Nu­clear. nu­clear marine propul­sion can be pro­vided to sur­face ships and sub­marines where the role en­vis­aged is to pro­vide al­most un­lim­ited and un­in­ter­rupted global reach with­out pause for re­fu­el­ing. it is a highly tech­ni­cal field with few na­tions hav­ing nu­clear propul­sion tech­nol­ogy and is also costly. to ex­plain in sim­ple terms the nu­clear plant pro­vides heat for con­vert­ing wa­ter into stream which pow­ers the steam tur­bines and the turbo gen­er­a­tors. this power is then used for propul­sion through gear boxes. the plant is di­vided into two parts , one for the port and the other for the star­board side to cater for fail­ure of one side. sea wa­ter is pumped, de­sali­nated and pro­vided to gen­er­ate steam. the heat is trans­ferred through wa­ter to steam gen­er­a­tors which have a tem­per­a­ture of about 250 to 300¡c. As wa­ter va­por­izes at 100¡c at nor­mal pres- sure, the sys­tem is pres­sur­ized to in­crease the boil­ing tem­per­a­ture of the wa­ter. this wa­ter is nor­mally called feed wa­ter. Us, rus­sian and Bri­tish navies gen­er­ally use steam tur­bine propul­sion while france and china use tur­bines to gen­er­ate elec­tric­ity. the num­ber of re­ac­tors vary de­pend­ing upon the role like most of the Us air­craft car­ri­ers have two re­ac­tors but Uss en­ter­prise has eight. charles de Gaulle of the french navy also has two pres­sure wa­ter re­ac­tors. nimitz class of Us air­craft car­ri­ers like Uss Ge­orge H.W. Bush has two Gen­eral elec­tric pres­surised wa­ter re­ac­tors driv­ing four tur­bines of 260,000hp (194MW) and four shafts. As a re­sult of the use of nu­clear power, these ships are ca­pa­ble of op­er­at­ing for over 20 years with­out re­fu­el­ing and the an­tic­i­pated ser­vice life of over 50 years. they have a dis­place­ment of 101,600–106,300 tonnes.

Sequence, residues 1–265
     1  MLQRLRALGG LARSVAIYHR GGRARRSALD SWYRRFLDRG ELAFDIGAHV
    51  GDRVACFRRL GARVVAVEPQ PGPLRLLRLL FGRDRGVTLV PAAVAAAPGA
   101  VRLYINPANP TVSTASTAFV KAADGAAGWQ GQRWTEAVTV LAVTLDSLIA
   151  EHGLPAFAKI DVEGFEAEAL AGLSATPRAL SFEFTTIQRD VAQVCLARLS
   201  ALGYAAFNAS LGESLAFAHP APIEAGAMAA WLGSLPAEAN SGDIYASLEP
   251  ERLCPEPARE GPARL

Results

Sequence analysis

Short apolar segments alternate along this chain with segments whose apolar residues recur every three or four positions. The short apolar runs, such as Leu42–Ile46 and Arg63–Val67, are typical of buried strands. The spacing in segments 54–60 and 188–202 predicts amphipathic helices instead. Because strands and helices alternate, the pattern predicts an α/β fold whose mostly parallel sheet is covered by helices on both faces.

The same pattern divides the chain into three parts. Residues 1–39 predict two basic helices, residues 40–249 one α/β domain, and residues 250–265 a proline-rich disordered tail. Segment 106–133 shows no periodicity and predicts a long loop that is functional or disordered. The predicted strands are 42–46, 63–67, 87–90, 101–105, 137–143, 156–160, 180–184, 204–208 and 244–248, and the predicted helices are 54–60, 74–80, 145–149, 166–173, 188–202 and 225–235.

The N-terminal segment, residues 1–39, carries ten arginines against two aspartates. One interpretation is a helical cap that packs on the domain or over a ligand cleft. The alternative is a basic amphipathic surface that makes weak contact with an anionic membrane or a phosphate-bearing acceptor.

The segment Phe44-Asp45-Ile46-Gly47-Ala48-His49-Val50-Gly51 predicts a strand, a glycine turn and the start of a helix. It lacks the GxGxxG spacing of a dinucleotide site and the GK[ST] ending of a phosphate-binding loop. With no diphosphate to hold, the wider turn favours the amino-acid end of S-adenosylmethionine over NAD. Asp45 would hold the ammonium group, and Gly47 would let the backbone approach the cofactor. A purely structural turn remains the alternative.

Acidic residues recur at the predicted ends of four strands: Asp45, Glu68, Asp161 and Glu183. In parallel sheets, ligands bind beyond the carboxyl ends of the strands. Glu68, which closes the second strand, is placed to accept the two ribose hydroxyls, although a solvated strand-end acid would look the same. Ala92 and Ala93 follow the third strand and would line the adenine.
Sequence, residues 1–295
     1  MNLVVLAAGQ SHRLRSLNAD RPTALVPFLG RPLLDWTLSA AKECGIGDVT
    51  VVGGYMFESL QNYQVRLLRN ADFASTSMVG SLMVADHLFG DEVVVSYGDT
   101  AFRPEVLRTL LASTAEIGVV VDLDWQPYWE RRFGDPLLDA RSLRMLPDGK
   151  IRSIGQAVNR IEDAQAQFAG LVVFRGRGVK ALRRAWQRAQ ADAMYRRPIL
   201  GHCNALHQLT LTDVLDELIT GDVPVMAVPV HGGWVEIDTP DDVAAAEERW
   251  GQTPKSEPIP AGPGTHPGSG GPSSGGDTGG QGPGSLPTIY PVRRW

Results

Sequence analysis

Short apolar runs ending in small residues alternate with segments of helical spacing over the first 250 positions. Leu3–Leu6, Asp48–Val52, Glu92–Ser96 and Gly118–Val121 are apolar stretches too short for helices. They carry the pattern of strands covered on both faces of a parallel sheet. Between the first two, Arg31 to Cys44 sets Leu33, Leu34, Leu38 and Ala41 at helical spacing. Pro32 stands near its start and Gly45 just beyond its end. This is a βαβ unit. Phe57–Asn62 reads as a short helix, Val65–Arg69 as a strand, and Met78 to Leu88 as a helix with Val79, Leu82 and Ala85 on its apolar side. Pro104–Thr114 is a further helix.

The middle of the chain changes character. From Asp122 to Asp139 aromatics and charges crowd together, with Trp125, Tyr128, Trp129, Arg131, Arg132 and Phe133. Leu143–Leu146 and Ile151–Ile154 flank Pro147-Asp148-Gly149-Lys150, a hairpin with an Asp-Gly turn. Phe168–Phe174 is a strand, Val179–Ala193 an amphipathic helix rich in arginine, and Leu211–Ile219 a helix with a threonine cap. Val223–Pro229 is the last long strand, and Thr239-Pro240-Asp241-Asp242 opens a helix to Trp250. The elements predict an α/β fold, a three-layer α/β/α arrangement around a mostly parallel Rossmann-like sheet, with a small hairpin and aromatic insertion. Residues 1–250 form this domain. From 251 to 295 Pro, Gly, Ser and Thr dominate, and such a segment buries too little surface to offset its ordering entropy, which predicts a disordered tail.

Con­ven­tional. tur­bines are nor­mally used for propul­sion and can be steam or gas. Air­craft car­rier s‹ o Paulo of Brazil navy car­rier is pow­ered by four Par­sons steam tur­bines pro­duc­ing 126,000shp. Six In­dret boil­ers pro­vide steam for the main propul­sion tur­bines. On-board power is gen­er­ated by two turbo al­ter­na­tors and six 2,000kW diesel gen­er­a­tors. it has a dis­place­ment of 32,000tonnes at full load. cavour Air­craft car­rier of the ital­ian navy is a com­bi­na­tion of gas tur­bine and gas (cOGAG) propul­sion. the four LM2500 gas tur­bines, de­vel­op­ing 22,000kW each, are man­u­fac­tured by fia tAvio of turin un­der a li­cence agree­ment from Gen­eral elec­tric (Us). Air­craft car­rier Giuseppe Garibaldi of the ital­ian navy is pow­ered by four Fiat-g. e LM 2500 gas tur­bines pro­vid­ing 82,000 hp and 6 × Diesel gen­er­a­tors (9.360 KW) with a dis­place­ment is 13,850tonnes (loaded). ins Vikramditya has 8 turbo-pres­surised boil­ers, 4 shafts, 4 geared steam tur­bines gen­er­at­ing 180,000 horse­power (134,226 kW). It has a dis­place­ment of 45,400 tonnes( loaded).